Roger Clarke's Web-Site
© Xamax Consultancy Pty Ltd, 1995-2017
|Identity Matters||Other Topics||Waltzing Matilda||What's New|
Principal, Xamax Consultancy Pty Ltd, Canberra
Visiting Fellow, Department of Computer Science, Australian National University
Version of 6 April 2001, with a small enhancement 21 October 2002
© Xamax Consultancy Pty Ltd, 2000-2002
Available under an AEShareNet licence
This document is at http://www.rogerclarke.com/DV/PITsPETsRes.html
This is a resource-site that accompanies a semi-regular column for the newsletter Australasian Privacy Law & Policy Reporter.
The series examines particular Privacy Invasive Technologies (the PITs) and Privacy Enhancing Technologies (PETs). This page provides access to the articles as they appear, and to additional resources.
The first article in the series is a double-length piece that was designed to set the stage for what followed. So start here. That appeared in PLPR 7, 9 (March 2001).
This section provides some particularly important sources on the topic.
Burkert H. (1997) 'Privacy-Enhancing Technologies: Typology, Critique, Vision' in Agre P.E. & Rotenberg M. (Eds.) (1997) 'Technology and Privacy: The New Landscape' MIT Press, 1997
Clarke R. (1994) 'Human Identification in Information Systems: Management Challenges and Public Policy Issues', Information Technology & People 7,4 (December 1994) 6-37, at http://www.rogerclarke.com/DV/HumanID.html
Clarke R. (1999) 'Identified, Anonymous and Pseudonymous Transactions: The Spectrum of Choice', Proc. Conf. User Identification & Privacy Protection, Stockholm, June 1999, at http://www.rogerclarke.com/DV/UIPP99.html
Froomkin A.M. (1995) 'Anonymity and Its Enmities' 1995 J. Online L., at http://www.law.cornell.edu/jol/froomkin.htm
IPCR (1995) 'Privacy-Enhancing Technologies: The Path to Anonymity' Information and Privacy Commissioner (Ontario, Canada) and Registratiekamer (The Netherlands), 2 vols., August 1995, at http://www.ipc.on.ca/web%5Fsite.eng/matters/sum%5Fpap/papers/anon%2De.htm
Here are some resources that explain infrastructure technologies that underlie some of the privacy-invading and the privay-enhancing technologies:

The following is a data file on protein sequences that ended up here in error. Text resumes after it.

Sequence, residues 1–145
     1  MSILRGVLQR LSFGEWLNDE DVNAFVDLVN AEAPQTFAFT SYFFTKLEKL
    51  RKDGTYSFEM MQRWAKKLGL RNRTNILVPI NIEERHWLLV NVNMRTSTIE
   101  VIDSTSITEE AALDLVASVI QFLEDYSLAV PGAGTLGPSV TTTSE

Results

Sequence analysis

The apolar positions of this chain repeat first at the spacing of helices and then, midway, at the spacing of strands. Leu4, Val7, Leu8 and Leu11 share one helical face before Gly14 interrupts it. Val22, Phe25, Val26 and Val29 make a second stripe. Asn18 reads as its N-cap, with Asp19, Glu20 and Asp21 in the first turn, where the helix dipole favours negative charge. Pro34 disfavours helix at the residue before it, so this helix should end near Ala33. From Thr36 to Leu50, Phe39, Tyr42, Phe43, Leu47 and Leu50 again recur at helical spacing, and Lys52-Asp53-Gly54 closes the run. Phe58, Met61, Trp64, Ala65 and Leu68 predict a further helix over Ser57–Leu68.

Here are some resources on particular technologies that the series is unlikely to cover (because there's just not enough room):
Here are some resources on important technologies that I will cover when I can, but haven't got to yet:
The term 'privacy-enhanced mail' (PEM) was used at least as early as the mid-1980s, in the RFC series 989 (February 1987), 1040 (January 1988), and 1113-1115 (August 1989), which defined a 'Privacy Enhancement for Internet Electronic Mail'. See RFC1113. The term referred, however, only to the narrow concept of message transmission security, and its requirements of confidentiality, authentication, and message integrity assurance.
The much broader concept of 'privacy-enhancing technology' or 'PET' has been around since at least the mid-1990s. Marc Rotenberg has tracked down an early usage of the phrase (at that stage without the acronym) in a CPSR Statement of 10 June 1991. Ann Cavoukian in Toronto and Peter Hustinx in Amsterdam used it as the title of a joint work in 1995. EPIC's Marc Rotenberg in Washington DC was also using it at around the same time. They're likely to know whether one or more of them originated it, or they co-opted it from someone else again.
As far as I'm aware, I originated the neologism 'privacy-invasive technologies' or 'the PITs' in late 1998. For a while I flirted with the notion of 'PST' (privacy-sympathetic technology), as a means of distinguishing between tools for anonymity (PETs) and those for pseudonymity (PSTs). To the extent that they think about its precise meaning, most people tend to use PET to cover both categories; and that's how PET is used in this series of papers. I am using 'savage PETs' and 'gentle PETs' to distinguish anonymity from pseudonymity tools.
Like some of my other neologisms over the years, 'the PITs' may or may not catch on. But the pleasantly academic question of the naming of memes is a side-issue; what's important is that the concepts that they describe come into the mainstream, and get discussed.
Australasian Privacy Law & Policy Reporter is a well-established newsletter, with over 60 issues behind it. The General Editor is longstanding privacy specialist Graham Greenleaf. He is Professor of I.T. Law at the University of U.N.S.W. and Director of the Cyberspace Law & Policy Centre@UNSW, and Co-Director and Co-Founder of the Australasian Legal Information Institute (AustLII). Associate Editor is Nigel Waters, who served for many years as deputy to the Privacy Commissioners of the United Kingdom and then Australia.
The Reporter is published by Oliver Freeman of Prospect Media in Sydney, who commissioned this column. Here are subscription details for the Reporter.
The content and infrastructure for these community service pages are provided by Roger Clarke through his consultancy company, Xamax.
From the site's beginnings in August 1994 until February 2009, the infrastructure was provided by the Australian National University. During that time, the site accumulated close to 30 million hits. It passed 50 million in early 2015.
Sponsored by Bunhybee Grasslands, the extended Clarke Family, Knights of the Spatchcock and their drummer
Xamax Consultancy Pty Ltd
ACN: 002 360 456
78 Sidaway St, Chapman ACT 2611 AUSTRALIA
Tel: +61 2 6288 6916
Created: 28 November 2000 - Last Amended: 6 April 2001, with a small enhancement 21 October 2002; addition of FfE licence 5 March 2004 by Roger Clarke - Site Last Verified: 15 February 2009
This document is at www.rogerclarke.com/DV/PITsPETsRes.html